From Bowhill, there’s a choice of routes. The A708 takes you to Selkirk via the Waterwheel café at Philiphaugh, which has been warmly recommended to me. But I’m too late in the day for that, so I instead take the almost empty B7039, signposted Ettrickbridge, crossing the Ettrick Water and then turning sharp left towards Selkirk. From here, the direct route to my end point at Tweedbank is the very busy A7, which does have a cycle path alongside it for much of the way, but I prefer to keep that to a minimum and instead follow the B6360 via Sir Walter Scott’s house, Abbotsford.

En route

Yair Forest, cared for by Forestry Commission Scotland, can be enjoyed every day.

Bowhill Country Estate can be explored every day from 3 April to 30 September, except Tuesdays outside Easter holidays, July and August. 

Each winter, Durty Events organises a series of duathlons there. Visit for more details

Abbotsford House, and its gardens, are open daily from 1 March to 30 November. The new visitor centre and café are open every day except 25-26 December and 1-2 January, and the estate is open to walkers every day. 

Eskbank to Gorebridge, about 26km

The line of the Dalkeith to Penicuik railway, closed in 1967, is now an inviting path, surfaced with tarmac until Rosewell, gravel for a stretch to Auchendinny and then tarmac once more. Accompanied by Alfie the dog again, I enjoy making good progress through this flat landscape, sharing it only with a few other walkers, runners and cyclists. Once full of activity with its mines and papermills, this part of Midlothian is now given over mainly to farmland and the occasional estate of commuter housing, which thankfully leaves the route intact.

The embankments beside the path are carpeted with ferns, mosses, grasses and wildflowers. Buddleia sprouts from walls, platforms and bridges, alive with butterflies. Little noise intrudes on our peace, except for a cacophony of barking as we pass a large kennels just before Rosewell.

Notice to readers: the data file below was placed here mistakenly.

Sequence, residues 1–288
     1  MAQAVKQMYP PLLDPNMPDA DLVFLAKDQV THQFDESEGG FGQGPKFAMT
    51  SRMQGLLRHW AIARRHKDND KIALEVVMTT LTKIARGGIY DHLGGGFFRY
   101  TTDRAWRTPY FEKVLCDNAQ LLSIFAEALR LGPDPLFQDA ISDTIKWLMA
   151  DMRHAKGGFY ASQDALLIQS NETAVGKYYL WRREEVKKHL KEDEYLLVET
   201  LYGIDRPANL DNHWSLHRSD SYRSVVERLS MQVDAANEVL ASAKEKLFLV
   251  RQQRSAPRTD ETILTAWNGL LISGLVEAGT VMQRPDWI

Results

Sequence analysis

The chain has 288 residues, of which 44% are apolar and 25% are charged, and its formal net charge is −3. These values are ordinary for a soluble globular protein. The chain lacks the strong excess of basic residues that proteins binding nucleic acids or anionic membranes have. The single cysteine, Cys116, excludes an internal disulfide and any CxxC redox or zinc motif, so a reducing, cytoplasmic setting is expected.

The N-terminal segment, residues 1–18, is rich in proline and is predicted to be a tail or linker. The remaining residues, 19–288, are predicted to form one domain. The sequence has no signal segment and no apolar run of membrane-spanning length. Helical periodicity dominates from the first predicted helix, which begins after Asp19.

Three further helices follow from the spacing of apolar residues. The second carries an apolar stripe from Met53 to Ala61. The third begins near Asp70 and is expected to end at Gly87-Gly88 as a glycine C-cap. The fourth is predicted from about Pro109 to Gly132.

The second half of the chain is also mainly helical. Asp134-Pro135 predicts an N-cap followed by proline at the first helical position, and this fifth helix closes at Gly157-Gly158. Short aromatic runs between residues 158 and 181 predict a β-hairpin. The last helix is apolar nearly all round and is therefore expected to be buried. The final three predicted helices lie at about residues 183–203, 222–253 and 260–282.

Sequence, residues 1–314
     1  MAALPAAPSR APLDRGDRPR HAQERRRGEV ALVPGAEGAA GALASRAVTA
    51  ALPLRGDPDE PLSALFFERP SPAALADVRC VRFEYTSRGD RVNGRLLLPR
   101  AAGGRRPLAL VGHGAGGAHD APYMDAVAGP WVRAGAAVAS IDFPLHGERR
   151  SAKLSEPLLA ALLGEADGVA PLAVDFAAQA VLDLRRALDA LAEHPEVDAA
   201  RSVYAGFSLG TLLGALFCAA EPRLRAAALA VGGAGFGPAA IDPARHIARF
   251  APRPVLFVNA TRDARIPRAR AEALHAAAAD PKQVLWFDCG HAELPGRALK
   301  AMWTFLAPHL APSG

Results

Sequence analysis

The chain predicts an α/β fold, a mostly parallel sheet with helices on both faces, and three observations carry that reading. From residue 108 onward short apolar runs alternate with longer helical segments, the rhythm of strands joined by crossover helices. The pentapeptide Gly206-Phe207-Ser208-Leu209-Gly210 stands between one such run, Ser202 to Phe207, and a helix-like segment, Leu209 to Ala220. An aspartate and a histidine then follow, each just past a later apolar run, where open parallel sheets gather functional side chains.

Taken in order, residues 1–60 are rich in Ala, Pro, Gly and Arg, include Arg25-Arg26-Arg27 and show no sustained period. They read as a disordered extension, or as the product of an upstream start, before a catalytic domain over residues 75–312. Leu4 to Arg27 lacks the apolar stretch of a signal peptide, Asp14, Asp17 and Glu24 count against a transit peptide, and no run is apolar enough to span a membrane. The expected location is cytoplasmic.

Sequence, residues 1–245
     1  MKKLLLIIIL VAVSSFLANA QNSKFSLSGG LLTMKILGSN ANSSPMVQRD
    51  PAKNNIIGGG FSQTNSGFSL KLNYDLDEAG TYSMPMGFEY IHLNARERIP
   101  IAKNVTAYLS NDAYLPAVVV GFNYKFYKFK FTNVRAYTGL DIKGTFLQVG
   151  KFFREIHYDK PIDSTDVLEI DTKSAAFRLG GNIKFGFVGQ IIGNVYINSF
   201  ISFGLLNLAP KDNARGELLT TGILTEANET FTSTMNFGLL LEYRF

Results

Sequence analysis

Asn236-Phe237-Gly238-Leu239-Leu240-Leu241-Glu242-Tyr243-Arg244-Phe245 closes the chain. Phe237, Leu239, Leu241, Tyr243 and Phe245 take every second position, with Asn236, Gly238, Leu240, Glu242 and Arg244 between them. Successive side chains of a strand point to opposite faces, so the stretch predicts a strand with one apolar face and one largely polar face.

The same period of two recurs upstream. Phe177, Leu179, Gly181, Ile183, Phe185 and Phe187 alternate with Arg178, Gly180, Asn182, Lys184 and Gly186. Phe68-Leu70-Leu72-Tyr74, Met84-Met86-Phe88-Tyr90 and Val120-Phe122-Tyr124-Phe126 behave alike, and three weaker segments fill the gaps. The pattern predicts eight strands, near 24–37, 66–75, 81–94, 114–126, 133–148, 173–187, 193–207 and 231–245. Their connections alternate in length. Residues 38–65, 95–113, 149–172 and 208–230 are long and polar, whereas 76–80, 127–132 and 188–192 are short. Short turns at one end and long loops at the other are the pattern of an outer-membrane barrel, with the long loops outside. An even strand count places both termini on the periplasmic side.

We take a detour into Roslin Glen Country Park and look at the ruins of what was once the country’s biggest gunpowder mill. Here the walking options are endless, and if time allows another optional add-on would be a visit to Rosslyn Chapel, an architectural and historic wonder that sits on the other side of the glen. It has a superb modern visitor centre and a great café.

At the far end of Penicuik, following an attractive stretch of path alongside the River North Esk, we join the quiet B6372 and follow it for about 5km in a south-easterly direction. There are few cars, and we actually begin to see more wildlife than we had from the path: buzzards soar overhead and a weasel runs across the road a few feet in front of us. We turn left up a track past Fullarton farm to Edgelaw reservoir, which nestles among dense mixed woodland including some magnificent Scots pines. We spend some time exploring then follow a track to the south-west of the loch, which leads back to the B6372. From here it’s a straightforward 6km stroll to Gorebridge, passing the entrance to Arniston House, a Georgian mansion designed by William Adam.

En route

Roslin Glen Country Park is open every day, and is cared for by the Midlothian countryside rangers, who run guided walks. See website for more information.

Rosslyn Chapel, is open every day and is still a place of worship more than six centuries after its foundation. Its countless ornate stone carvings include the Apprentice Pillar, said to have been carved by a mason’s apprentice who was then killed by his master in a jealous rage.

Arniston House is open on various days between early May and mid-September. 

This article first appeared in Scotland Outdoors magazine